Twitter and Facebook lose $51 billion in market cap in two days following Trump ban
After Facebook and Twitter banned President Donald Trump from their platforms, the companies saw a combined market value loss of $51.2 billion over two trading sessions.
A significant number of users deleted their accounts in retaliation of the political censorship, resulting in investors dumping their stocks.
According to Business Insider, Facebook plunged by 4% on Monday and 2.2% on Tuesday, resulting in a decrease of $47.6 billion below what it was on Friday. Facebook traded at $245.64 per share as of 4 p.m. on Thursday.
Twitter plunged to 6.4% and another 2.4% Tuesday, resulting in a drop in market cap by $3.5 billion. Twitter traded at $45.79 per share as of Thursday at 4 p.m., compared to the closing price of $51.48 on Friday.
President Trump has slammed big tech for their censorship calling the ban a ‘catastrophic mistake.’
“Big tech is doing a horrible thing for our country and to our country and I believe it’s going to be a catastrophic mistake for them,” Trump said Tuesday. “They’re dividing and divisive, they’re showing something that I’ve been predicting for a long time. I’ve been predicting it for a long time and people didn’t act on it.”
Trump said there will be a ‘countermove’ against the tech companies, many predicting that he might retaliate against tech giants for their bans.
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Louisiana to vote on bill which would block ‘foreign adversaries’ from land purchases
Beginning Aug. 1, Louisiana House Bill 537 would prohibit any person connected with a foreign adversary from purchasing, leasing or otherwise acquiring immovable property in the state. “It would allow the attorney general to bring action for injunctive relief on behalf of the state to block sales, investigate transactions, and petition the court to take action” reports Just The News.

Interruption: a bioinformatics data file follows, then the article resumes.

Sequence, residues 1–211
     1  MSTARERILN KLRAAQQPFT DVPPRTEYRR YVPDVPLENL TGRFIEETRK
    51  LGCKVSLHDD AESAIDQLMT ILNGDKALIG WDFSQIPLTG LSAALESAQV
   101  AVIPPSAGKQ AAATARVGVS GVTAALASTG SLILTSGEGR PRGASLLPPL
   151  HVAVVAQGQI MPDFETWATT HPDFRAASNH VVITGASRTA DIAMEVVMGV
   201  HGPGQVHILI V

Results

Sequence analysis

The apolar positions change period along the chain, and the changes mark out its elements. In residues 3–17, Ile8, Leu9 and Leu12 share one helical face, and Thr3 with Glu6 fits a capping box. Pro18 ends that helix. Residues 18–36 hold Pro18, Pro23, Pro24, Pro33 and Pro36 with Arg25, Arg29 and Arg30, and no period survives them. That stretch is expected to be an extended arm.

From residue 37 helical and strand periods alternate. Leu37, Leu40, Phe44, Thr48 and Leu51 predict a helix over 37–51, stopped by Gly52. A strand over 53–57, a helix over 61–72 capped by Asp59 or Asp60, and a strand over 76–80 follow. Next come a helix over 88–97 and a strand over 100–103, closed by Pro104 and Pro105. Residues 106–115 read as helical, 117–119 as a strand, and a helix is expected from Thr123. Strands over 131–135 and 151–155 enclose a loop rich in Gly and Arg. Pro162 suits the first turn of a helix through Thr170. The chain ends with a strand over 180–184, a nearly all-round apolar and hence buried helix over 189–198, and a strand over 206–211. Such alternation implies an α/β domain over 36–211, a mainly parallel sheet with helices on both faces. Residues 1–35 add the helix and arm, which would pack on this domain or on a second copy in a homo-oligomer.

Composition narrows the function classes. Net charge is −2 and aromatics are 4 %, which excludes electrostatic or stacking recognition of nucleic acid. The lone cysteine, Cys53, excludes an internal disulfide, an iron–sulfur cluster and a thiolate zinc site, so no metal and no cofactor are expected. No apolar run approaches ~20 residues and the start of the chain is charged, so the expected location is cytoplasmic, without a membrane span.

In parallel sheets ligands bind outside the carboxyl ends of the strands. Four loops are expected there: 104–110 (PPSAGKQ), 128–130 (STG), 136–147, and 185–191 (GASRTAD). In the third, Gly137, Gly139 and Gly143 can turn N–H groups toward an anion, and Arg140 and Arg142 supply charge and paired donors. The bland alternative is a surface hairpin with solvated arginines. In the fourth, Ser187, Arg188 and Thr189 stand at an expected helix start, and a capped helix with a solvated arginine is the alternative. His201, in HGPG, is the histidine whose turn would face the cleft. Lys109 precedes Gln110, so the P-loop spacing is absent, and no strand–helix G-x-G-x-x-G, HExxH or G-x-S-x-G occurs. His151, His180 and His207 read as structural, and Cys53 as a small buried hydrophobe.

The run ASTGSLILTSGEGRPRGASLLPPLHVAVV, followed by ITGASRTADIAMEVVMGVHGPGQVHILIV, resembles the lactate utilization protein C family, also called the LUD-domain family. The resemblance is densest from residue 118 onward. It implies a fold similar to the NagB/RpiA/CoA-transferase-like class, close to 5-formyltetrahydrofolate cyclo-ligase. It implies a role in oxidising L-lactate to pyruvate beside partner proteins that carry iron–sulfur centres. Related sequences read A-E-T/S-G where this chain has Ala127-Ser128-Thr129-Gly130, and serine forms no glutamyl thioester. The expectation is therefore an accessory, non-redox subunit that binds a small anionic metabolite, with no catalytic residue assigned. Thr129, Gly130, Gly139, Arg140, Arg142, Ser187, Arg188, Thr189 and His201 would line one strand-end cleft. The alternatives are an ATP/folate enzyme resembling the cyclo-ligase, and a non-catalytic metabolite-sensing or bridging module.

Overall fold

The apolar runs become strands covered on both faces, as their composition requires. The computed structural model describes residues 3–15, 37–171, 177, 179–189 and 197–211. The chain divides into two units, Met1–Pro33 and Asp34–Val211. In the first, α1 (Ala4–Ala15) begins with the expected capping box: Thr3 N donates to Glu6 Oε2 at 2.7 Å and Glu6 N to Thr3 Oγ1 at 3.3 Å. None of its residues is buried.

According to a 2020 U.S. Department of Agriculture (USDA) report, Louisiana has the most foreign landowners overall at 5.89 percent. The bill is sponsored by Rep. Valarie Hodges, R-Denham Springs, and passed the House Committee on Civil Law and Procedure with a vote of 11-1, “sending the measure to the House floor for a scheduled vote on Tuesday.”
“This bill is seeking to protect state sovereignty,” Hodges told the committee, stressing it would apply to “corporations who are seeking to control essential assets, not local residents with lawful status who want to contribute to Louisiana business, culture and community.”
Hodges referenced data from the U.S. Department of Agriculture that found “China’s ownership of U.S. farmland grew 20-fold in the last decade, from 81 million to 1.8 billion worth of holdings in 2020.” Additionally, Louisiana’s important industries — from chemical manufacturers to ports to liquid gas terminals to military bases — “could be targeted by adversaries”.
“I did try to address every concern that I heard with these amendments, because it is not targeted towards an individual,” Hodges said, referring to amended changes in the bill to specify the law would not apply to American citizens, legal permanent residents, or single family residences. The bill ties the definition of foreign adversaries to a federal list that currently includes the People’s Republic of China, the Republic of Cuba, the Islamic Republic of Iran, the Democratic People’s Republic of Korea, the Russian Federation, and Venezuela.
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